Hispanic Women Elevating Workers’ Rights

Hispanic women have made significant contributions to the labor movement in America. They have played essential roles as activists, organizers, leaders and advocates for workers’ rights, fair wages, education and improving working conditions. Today there are about 13.2 million Hispanic women in the labor force, driving productivity and growth in many industries. Hispanic women have risen to leadership positions and continue to be major champions advocating for fair wages, improved working conditions and boldly fighting for the rights of all workers.

While women’s contributions to America’s labor movement have sometimes been overlooked in the past, we’re focusing on some of the influential Hispanic women who have made or are currently making a lasting impact on America’s workers. 

Black and white photo of Jovita Idar. She wears a high-necked dress and has her hair pulled up in a braided updo.
Jovita Idar

Jessie Lopez De La Cruz was a farm worker from a young age. She was the first female recruiter for United Farm Workers of America. She fought tirelessly for the rights of rural workers, advocated for worker safety and resisted abusive employment practices. 

Jovita Idar was a Mexican American journalist, activist and suffragist. She fought for Hispanic voting rights and equitable education for Hispanic students. In 1911, she founded and became the first president of La Liga Femenil Mexicanista (the League of Mexican Women). This organization encouraged women to join the feminist movement and to work outside their homes. They started their activism by providing education for Mexican American students.

Linda Chavez-Thompson, a prominent Mexican American figure in the labor movement, served as the first executive vice president of the American Federation of Labor and Congress of Industrial Organizations (AFL-CIO) in 1995. She worked in numerous organizations as a labor leader, including the National Interfaith Committee for Worker Justice, the Institute for Women’s Policy Research and the Congressional Hispanic Caucus Institute. Her work has helped improve the quality of labor unions by striving to ensure all working people are treated fairly, with reasonable wages, benefits, safe jobs, dignity, and equal opportunities. In her career, Thompson wrote personnel rules for the city of San Antonio and drafted the labor pieces of a new agency which she submitted for consideration by the director and board of trustees for a new water system in Texas. 

Head shot of Linda Chavez-Thompson. She wears glasses and is smiling directly at the camera.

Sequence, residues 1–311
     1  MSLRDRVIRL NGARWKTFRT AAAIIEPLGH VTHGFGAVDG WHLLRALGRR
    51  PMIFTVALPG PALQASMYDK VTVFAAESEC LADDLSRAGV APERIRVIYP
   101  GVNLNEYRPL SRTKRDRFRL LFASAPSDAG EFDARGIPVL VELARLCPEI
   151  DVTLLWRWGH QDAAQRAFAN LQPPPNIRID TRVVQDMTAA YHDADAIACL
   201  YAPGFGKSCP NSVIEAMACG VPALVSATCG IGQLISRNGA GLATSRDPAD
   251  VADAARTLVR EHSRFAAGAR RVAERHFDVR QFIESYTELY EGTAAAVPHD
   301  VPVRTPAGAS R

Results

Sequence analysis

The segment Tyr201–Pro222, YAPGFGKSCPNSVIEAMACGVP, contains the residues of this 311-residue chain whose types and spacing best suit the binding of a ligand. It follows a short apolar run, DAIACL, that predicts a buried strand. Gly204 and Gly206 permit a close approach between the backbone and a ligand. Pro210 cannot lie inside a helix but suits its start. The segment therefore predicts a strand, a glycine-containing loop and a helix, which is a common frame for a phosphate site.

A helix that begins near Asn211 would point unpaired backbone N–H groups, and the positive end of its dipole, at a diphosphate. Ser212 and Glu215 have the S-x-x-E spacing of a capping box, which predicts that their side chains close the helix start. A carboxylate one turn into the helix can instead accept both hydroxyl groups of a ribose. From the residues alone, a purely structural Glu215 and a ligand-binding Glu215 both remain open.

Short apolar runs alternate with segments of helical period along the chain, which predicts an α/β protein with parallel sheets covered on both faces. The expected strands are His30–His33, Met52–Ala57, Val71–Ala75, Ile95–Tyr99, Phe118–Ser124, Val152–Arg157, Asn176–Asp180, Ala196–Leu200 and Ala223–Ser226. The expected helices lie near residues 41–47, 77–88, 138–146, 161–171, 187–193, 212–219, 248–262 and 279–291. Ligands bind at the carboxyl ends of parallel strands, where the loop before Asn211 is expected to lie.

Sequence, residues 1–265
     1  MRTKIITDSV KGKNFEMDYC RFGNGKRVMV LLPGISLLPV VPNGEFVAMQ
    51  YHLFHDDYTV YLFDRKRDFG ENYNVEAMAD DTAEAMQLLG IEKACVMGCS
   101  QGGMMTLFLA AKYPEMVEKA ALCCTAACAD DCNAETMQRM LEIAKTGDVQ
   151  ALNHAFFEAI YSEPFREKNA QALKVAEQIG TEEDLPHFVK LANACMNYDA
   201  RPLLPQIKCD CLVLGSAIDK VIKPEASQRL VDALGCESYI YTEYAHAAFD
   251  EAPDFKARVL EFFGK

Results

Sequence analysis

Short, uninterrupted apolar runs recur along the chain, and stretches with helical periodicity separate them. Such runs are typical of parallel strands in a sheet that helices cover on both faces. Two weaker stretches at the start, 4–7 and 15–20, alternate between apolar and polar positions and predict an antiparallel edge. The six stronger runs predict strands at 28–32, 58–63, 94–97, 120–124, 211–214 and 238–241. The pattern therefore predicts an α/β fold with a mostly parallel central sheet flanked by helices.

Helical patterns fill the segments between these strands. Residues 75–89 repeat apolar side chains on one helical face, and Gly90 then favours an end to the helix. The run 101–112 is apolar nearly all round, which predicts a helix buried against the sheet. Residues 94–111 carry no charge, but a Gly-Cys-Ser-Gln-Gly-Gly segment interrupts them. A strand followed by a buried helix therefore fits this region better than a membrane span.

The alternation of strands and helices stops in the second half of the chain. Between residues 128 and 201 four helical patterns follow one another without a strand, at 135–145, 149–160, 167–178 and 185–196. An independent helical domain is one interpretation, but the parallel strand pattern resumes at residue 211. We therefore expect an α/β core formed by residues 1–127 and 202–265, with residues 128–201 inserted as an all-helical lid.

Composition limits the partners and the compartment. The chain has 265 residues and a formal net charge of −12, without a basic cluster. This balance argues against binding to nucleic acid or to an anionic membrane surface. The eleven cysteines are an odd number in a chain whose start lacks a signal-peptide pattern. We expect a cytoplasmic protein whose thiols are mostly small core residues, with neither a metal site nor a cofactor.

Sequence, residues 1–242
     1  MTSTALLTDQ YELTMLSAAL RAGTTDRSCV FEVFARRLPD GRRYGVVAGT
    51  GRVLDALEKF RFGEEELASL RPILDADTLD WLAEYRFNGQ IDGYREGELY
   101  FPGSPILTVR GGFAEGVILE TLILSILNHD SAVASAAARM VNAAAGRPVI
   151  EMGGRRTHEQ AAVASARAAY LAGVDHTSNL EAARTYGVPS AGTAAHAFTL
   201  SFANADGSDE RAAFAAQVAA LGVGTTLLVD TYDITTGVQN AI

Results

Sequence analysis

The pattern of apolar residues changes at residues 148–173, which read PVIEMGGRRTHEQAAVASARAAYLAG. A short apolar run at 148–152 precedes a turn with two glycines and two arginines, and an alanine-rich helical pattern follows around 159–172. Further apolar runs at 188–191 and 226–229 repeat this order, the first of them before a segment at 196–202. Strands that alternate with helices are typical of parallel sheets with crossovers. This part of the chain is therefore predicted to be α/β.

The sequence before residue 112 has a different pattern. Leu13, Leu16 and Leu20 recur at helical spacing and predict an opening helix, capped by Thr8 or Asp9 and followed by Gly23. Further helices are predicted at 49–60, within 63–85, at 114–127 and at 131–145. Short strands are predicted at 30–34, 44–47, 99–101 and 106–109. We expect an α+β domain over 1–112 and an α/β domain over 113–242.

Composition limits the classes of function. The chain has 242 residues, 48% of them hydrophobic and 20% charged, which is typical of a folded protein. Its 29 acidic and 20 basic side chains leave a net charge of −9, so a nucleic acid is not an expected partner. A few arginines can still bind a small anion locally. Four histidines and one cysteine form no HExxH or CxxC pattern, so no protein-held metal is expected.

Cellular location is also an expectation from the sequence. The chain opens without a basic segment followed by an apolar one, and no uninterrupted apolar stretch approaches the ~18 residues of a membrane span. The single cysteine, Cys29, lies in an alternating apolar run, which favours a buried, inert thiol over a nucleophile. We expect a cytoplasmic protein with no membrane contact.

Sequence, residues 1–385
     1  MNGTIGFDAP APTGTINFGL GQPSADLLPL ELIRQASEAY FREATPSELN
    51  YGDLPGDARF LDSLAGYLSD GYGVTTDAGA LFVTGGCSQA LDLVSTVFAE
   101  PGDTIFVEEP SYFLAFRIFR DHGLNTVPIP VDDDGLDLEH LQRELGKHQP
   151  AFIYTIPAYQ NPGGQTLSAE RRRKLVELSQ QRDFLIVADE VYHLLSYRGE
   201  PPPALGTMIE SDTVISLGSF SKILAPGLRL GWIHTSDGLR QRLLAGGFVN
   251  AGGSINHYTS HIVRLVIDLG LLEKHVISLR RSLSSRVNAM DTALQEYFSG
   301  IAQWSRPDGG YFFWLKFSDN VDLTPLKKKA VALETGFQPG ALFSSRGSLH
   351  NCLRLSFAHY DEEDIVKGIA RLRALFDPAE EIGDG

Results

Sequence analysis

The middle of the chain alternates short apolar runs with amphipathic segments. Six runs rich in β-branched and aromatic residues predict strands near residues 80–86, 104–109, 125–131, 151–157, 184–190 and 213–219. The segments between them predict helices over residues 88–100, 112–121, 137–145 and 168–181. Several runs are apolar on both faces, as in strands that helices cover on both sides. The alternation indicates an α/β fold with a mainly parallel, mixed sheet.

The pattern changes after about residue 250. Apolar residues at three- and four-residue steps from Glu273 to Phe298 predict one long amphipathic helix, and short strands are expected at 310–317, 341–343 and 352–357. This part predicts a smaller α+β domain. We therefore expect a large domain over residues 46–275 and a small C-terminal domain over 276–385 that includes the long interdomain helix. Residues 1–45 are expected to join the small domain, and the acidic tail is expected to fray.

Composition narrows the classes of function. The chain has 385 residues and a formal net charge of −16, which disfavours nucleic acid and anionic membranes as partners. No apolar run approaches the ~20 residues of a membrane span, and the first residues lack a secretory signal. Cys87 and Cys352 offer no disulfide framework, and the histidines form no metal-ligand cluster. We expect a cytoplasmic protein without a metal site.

Linda Chavez-Thompson

Camille Rivera-Westin is an Afro Latina lecturer and advocate with roots to the labor movement. In her role as the national political and legislative director for the Retail, Wholesale and Department Store Union, Camille led campaigns to ensure that workers and her community’s voices were heard in legislation regarding tipped wages, tax subsidies and ensuring retail owners implemented fair work hour policies for workers. 

Born in Guatemala, Luisa Moreno immigrated to New York in 1929. In the United States, she became a labor organizer and a fierce advocate for civil rights and better working conditions for America’s workers. Moreno worked with unions in New York, Louisiana and Florida – writing pamphlets, organizing strikes and encouraging workers to participate in unions and advocate for themselves. She also helped found the National Congress of Spanish-Speaking Peoples, which advocated for integration and fair treatment of Latino laborers.

Throughout history, Hispanic women’s participation and influence have been essential to the U.S. workforce and to America’s workers. At the U.S. Department of Labor, we continue to support Hispanic workers, including women, by collaborating with the department's League of United Latin American Citizens chapter and sharing equitable, accessible opportunities for funding like grants to accelerate gender equity and  inclusion in infrastructure workforce and cooperative agreements to support career readiness in underserved communities.

Alaysia Black Hackett is the chief diversity and equity officer for the U.S. Department of Labor.